BCC Blog

Lockdown makes us feel letdown

NonhlanhlaOn behalf of Boston City Campus

Finding it difficult to get out of bed in the mornings? Finding it difficult to fall asleep at night? Doesn’t really make sense, does it? We feel so tired yet when our heads hit the pillow anxiety switches on like a light!  In light of our environment, all this does make sense. We are starting to experience the effects of the heavy burden of Lockdown, the responsibility we have for our own and others’ health, and the bad news we see when we switch on media outlets. Our exhaustion is becoming debilitating, because we have tried to overcome so many challenges for so long, and still there is no end in sight. In truth, a lot of our symptoms are similar to those of depression, and in some, it may lead to a full clinical depression.

Remember when our president said Lockdown for three weeks? Well, that was around a third of a year ago! Our anxiety is brought about by stressors including working from home, finances, unemployment, managing children, and homework, worrying about parents and neighbours. Usually meeting with friends helps lighten our stress, but in social isolation, our stress loads increase dramatically instead of being shared. Our stress is wearing us down.

What does this result in? We snap at our loved ones, we become forgetful, we cannot sleep yet we are exhausted all the time. Small tasks that were easily manageable become too big to contemplate.

“A normal academic year or workweek has breaks built-in that allows us to recharge,” says Nonhlanhla Dube of Boston City Campus. “Unfortunately with this lockdown we have had no break from the pandemic, with none in sight, and we have not been able to rest and recharge”.

Quarantine fatigue is being absolutely done with the isolation, the lack of connection, lack of routine, and loss of the sense of freedom to go about life in some pre-quarantine way that feels unrestricted; it’s being emotionally exhausted and depleted from experiencing the same day, every day.” (Jennifer Musselman,)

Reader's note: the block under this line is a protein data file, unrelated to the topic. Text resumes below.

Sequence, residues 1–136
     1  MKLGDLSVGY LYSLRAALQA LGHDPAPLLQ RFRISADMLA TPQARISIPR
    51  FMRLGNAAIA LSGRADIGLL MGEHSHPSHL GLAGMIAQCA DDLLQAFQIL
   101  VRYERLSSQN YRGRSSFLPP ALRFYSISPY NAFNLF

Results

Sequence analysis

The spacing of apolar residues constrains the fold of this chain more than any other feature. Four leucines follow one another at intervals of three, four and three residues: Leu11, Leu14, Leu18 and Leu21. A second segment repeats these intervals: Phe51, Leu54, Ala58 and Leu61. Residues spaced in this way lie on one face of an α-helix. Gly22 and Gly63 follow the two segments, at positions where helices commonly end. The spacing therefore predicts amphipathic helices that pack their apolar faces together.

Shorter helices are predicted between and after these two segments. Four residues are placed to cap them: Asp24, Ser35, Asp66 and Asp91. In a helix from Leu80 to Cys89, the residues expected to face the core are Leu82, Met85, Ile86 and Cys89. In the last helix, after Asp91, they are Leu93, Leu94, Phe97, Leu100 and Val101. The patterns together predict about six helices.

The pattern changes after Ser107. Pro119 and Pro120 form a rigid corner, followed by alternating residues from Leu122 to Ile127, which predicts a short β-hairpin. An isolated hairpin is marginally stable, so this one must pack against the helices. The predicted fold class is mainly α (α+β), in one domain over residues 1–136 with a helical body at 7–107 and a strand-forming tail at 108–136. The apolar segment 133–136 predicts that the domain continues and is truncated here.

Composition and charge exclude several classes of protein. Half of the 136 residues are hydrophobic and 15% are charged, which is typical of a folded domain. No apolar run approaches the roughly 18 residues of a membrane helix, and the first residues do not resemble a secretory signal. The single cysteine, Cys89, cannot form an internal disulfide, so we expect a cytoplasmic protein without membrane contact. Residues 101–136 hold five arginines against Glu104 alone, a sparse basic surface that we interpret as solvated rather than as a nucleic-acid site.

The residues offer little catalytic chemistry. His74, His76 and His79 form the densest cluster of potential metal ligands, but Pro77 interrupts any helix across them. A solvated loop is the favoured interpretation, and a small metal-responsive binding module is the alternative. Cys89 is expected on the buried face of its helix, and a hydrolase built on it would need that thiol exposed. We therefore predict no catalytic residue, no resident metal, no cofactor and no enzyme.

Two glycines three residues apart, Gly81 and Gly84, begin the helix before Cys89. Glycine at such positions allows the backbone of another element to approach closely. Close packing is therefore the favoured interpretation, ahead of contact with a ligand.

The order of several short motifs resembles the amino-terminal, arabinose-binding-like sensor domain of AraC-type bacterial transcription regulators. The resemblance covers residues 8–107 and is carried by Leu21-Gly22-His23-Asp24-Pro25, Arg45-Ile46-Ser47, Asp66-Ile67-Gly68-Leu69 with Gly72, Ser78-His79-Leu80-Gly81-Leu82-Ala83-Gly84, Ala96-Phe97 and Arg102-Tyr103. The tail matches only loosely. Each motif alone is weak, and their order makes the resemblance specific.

Nonhlanhla explains why we feel so low. “How do we punish those convicted of crimes? We isolate them from society, from their friends and family. While we remain grateful for what we have, we cannot diminish the severity of isolation as ‘punishing’. So many studies on aging, mental health, and physical health point to close relationships as an important factor in sustaining good levels of emotional and physical security. Yes, our lockdown is designed to save lives, but we suffer just the same”.

Other symptoms aside from sleep disturbance are drinking in excess, eating less or more, withdrawing, not only from family but even from people texting you, and an inability to focus on daily or work activities.

Nonhlanhla mentions her top 10 tips to combat quarantine fatigue:

  1. Watch how you speak to your inner self. Find positive mantras and say them out loud, stop all self-criticism.
  2. Create routine and structure in your day, set an alarm, and get up out of bed when it rings.
  3. Get outdoors.
  4. Make ‘phone-dates’ with your friends. Reschedule your regular coffees, including with colleagues that you used to bump at coffee time in the kitchen.
  5. Eat healthy foods, at regular mealtimes. Learn to work on the laptop or watch TV without snacking.
  6. Don’t think about what we had expected from the year, rather focus on how you have to amend your goals and what you have to do to achieve them.
  7. If you have been retrenched, jump into reskilling as soon as possible. Make networking and job searching your new job.
  8. Tale LONG breaks from social media.
  9. Grow something. Get seeds and create a vegetable or herb garden, outdoors, or on your windowsill.
  10. Don’t lose hope. We are evolving and adapting, stay along for the ride, and work towards positive outcomes.

Interested in upskilling? Visit www.boston.ac.za, email info@boston.co.za for a call back, or call 011 551 2000.

Leave a Reply

Your email address will not be published. Required fields are marked *